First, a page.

While noting the reservation by Australia, the Pacific Island nations are urging acceptance by shipping nations of full responsibility and liability for compensation for any damage which may result directly or indirectly from transport of radioactive materials through the region.
In their final communique, Forum leaders recognize the continued presence of radioactive contaminants in the Republic of the Marshall Islands.
The leaders "reaffirmed the existence of a special responsibility by the United States towards the people of the Marshall Islands" adversely affected as a direct result of U.S. nuclear weapons tests of the 1950s.
A five year Nationwide Radiological Survey study of 432 islands in the Marshalls was funded by the U.S. and conducted by the Marshall Islands government. Presented in 1994, it shows that 15 atolls and single islands - almost half the nation - were dusted by radioactive fallout.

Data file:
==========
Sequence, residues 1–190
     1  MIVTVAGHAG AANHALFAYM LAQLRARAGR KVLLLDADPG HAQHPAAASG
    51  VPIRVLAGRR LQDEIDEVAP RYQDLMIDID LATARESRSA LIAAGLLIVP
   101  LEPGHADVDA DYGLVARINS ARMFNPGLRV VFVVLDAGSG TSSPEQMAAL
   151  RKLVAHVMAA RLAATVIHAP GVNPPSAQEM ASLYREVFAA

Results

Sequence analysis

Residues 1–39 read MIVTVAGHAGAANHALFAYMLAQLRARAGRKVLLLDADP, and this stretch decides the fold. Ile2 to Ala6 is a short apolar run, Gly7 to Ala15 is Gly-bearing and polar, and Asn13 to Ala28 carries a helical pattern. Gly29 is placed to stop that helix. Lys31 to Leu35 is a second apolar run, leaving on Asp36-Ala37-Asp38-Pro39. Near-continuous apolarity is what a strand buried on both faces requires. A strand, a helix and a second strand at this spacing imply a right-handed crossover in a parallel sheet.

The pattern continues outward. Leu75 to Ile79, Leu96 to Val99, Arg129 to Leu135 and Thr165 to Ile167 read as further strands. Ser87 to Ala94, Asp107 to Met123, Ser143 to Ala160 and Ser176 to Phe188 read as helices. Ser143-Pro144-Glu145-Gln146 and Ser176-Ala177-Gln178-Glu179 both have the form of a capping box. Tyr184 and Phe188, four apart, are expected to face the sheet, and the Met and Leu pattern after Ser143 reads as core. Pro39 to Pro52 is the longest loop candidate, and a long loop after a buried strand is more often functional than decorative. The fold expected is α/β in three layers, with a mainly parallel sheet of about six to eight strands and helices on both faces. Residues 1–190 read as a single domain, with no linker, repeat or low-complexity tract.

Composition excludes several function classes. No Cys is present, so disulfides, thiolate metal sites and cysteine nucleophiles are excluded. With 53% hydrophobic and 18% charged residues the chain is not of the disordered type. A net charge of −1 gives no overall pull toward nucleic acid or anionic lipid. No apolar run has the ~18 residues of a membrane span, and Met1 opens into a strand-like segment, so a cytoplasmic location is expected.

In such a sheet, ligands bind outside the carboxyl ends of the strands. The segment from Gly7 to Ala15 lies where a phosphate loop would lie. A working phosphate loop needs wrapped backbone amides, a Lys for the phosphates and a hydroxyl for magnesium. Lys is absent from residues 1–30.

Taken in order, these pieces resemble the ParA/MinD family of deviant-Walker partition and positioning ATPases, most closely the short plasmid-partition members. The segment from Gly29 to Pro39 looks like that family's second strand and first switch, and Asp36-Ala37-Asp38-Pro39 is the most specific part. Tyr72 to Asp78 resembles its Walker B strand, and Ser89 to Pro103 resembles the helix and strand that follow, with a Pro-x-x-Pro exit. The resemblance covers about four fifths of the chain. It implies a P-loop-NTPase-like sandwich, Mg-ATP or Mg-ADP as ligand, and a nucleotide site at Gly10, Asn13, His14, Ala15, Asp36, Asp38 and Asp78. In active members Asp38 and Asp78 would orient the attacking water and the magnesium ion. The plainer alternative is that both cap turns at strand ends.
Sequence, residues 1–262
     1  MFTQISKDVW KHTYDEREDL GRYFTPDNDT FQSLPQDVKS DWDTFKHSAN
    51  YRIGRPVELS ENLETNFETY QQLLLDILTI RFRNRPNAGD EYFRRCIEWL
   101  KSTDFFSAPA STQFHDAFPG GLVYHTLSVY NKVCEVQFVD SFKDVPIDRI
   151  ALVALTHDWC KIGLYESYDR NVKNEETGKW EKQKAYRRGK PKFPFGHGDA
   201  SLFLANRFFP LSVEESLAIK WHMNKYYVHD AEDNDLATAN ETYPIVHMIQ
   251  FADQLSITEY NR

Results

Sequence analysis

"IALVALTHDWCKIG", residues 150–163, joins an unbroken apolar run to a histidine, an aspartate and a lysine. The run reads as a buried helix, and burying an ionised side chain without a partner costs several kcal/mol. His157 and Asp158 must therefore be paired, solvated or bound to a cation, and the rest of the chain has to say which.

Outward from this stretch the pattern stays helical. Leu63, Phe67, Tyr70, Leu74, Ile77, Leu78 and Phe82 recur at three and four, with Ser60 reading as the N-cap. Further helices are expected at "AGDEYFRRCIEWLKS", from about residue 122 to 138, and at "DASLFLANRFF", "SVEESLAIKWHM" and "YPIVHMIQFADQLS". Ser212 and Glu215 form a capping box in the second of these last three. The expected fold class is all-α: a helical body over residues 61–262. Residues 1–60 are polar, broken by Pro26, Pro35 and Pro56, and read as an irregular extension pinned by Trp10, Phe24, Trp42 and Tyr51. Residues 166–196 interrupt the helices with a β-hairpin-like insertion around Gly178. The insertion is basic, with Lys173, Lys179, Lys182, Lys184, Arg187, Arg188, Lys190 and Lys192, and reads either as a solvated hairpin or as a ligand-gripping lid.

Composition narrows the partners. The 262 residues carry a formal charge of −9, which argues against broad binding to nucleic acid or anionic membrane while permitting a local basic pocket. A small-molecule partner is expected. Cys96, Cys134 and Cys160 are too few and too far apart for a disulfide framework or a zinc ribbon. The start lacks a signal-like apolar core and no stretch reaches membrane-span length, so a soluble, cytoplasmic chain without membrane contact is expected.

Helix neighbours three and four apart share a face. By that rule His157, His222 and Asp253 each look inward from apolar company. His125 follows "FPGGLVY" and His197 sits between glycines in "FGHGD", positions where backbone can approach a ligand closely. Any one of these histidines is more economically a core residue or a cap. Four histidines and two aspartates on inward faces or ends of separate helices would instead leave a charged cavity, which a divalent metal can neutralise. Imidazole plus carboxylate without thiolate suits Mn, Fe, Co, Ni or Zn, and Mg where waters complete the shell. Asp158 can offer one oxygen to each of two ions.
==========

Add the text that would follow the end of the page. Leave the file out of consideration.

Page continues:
Begun in 1946, the last nuclear detonation in the Marshall Islands took place on August 18, 1958 bringing to 66 the total number of nuclear weapons tests at Bikini and Enewetak. The people suffer thyroid tumors, and a higher than normal incidence of growth retardation.
The 1986 Compact of Free Association prohibits Marshall Islanders from seeking future legal redress in U.S. courts and dismissed all current court cases in exchange for a $150 million compensation trust fund.
The Forum noted the Secretary Generals report on the South Pacific Nuclear Free Zone Treaty and called on the United States to ratify the protocols to the treaty as a means of enhancing global and regional peace and security, including global nuclear non-proliferation.
The 33rd Pacific Islands Forum was attended by heads of state and government of Australia, the Cook Islands, Federated States of Micronesia, the Fiji Islands, Kiribati, Nauru, New Zealand, Niue, Palau, Papua New Guinea, the Republic of Marshall Islands, Samoa, Solomon Islands, Tonga, Tuvalu and Vanuatu.
For more on what the U.S. is doing about radioactivity in the Marshall Islands, visit: